Home » 54-2 ( 1999) » La syndicalisation des salariés du communautaire

La syndicalisation des salariés du communautaire

Renaud Paquet, Jean-Pierre Deslauriers et Marc Sarrazin

Résumé

Au cours de la dernière décennie, plusieurs auteurs se sont interrogés sur les facteurs qui ont fait chuter le taux de syndicalisation dans certains pays et qui sont à la source de sa stagnation dans d'autres. Parmi les facteurs de nature structurelle, le déplacement des emplois de la grande entreprise vers la petite entreprise, de l'entreprise publique vers l'entreprise privée, du secteur manufacturier vers le secteur des services constituent ceux qui reviennent le plus souvent. Dans la foulée de la restructuration des services, on peut constater au Québec comme dans d'autres pays occidentaux, un mouvement en faveur de nouvelles formes d'organisation sociale visant la production de biens et services. Ces organisations prennent la forme de petites entreprises communautaires du secteur des services privés, ajoutant ainsi à la masse de salariés, pour la plupart non syndiqués, de ce secteur. Cet article vise à évaluer le potentiel de syndicalisation des salariés du communautaire. Cette évaluation qualitative est faite à partir de données recueillies lors d'entrevues dans six entreprises types du secteur communautaire dans l'Outaouais, de commentaires rassemblés lors de réunions de groupes focus d'informateurs-clé et de rencontres avec des représentants syndicaux. Les données sont analysées à l'aide d'un modèle explicatif de la propension à se syndiquer. Suivent quelques considérations stratégiques pour les organisations syndicales intéressées par la syndicalisation de ces groupes de salariés.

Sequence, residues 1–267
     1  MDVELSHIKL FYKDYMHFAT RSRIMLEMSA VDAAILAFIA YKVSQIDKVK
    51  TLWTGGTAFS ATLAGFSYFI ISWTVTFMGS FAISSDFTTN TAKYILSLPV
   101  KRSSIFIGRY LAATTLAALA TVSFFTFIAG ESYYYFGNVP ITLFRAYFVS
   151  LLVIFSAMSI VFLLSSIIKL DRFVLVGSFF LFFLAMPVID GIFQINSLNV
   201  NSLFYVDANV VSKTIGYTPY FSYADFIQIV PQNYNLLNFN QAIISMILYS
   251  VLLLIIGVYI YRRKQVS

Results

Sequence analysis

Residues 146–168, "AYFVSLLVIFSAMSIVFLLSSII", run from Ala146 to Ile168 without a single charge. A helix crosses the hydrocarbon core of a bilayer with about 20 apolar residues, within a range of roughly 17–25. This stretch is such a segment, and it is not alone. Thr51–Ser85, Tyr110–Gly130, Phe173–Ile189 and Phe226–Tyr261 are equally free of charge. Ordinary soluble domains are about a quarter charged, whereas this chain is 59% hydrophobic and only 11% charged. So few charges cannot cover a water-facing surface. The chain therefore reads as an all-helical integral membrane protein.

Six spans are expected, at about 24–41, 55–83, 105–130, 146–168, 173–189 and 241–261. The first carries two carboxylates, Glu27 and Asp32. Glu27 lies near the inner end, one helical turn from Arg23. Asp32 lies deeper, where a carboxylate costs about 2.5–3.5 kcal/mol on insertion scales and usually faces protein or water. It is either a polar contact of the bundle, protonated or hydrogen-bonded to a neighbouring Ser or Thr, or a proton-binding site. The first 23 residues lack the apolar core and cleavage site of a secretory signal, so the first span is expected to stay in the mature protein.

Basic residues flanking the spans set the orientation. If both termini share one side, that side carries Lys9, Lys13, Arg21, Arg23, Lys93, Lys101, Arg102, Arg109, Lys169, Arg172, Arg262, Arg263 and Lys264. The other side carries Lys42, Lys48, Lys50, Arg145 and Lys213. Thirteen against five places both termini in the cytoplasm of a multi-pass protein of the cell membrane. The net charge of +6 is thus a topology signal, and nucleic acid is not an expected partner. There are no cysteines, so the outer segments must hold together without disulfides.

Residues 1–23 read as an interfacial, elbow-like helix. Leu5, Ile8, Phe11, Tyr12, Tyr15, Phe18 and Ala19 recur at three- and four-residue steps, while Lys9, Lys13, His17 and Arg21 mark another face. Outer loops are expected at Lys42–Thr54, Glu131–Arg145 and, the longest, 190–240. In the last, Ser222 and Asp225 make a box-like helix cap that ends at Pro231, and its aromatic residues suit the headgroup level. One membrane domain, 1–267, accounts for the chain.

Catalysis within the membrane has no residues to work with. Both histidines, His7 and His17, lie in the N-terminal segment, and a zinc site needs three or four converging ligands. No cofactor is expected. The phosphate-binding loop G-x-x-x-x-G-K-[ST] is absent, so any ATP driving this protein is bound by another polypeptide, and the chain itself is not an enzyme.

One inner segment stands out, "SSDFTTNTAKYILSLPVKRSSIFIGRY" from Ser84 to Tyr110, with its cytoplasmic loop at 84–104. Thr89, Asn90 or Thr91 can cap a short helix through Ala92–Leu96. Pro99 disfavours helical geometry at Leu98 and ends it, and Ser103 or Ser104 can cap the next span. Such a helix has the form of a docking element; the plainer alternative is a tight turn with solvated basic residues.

Abstract

The union density of private services workers is clearly lower than that of other categories of organizations. The average for Canada as a whole is 40%, while that for personal services workers is less than 11%. The situation is, to say the least, disturbing for unions, which have difficulty organizing these continually growing groups of workers. Community organizations do not appear to be exceptions to the major extrinsic rules of labour relations in the private services sector, with wages lower than the national average, an absence of job security, precariousness and low union density. Since the early 1980s, these organizations have multiplied, for example, in the areas of job rcadiness, employment entry, health and social services, and so on.

Even though these organizations have a social mission, provide services to members, function democratically, and are non-profit, they are nevertheless characterized by management-worker relations in the sociological and legal sense of the term, entalling an employment relationship that is the basis of unionization. There are appoximately 60,000 paid jobs in the community and association movement in Quebec, including organizations involved in the defense of social rights and popular education, health and social services, child care, housing and recreation. In the absence of research into the unionization of community workers, the theoretical basis of this paper draws on the analytic elements developed by Wheeler for explaining the propensity to unionize and, from there, to build our own conceptual framework.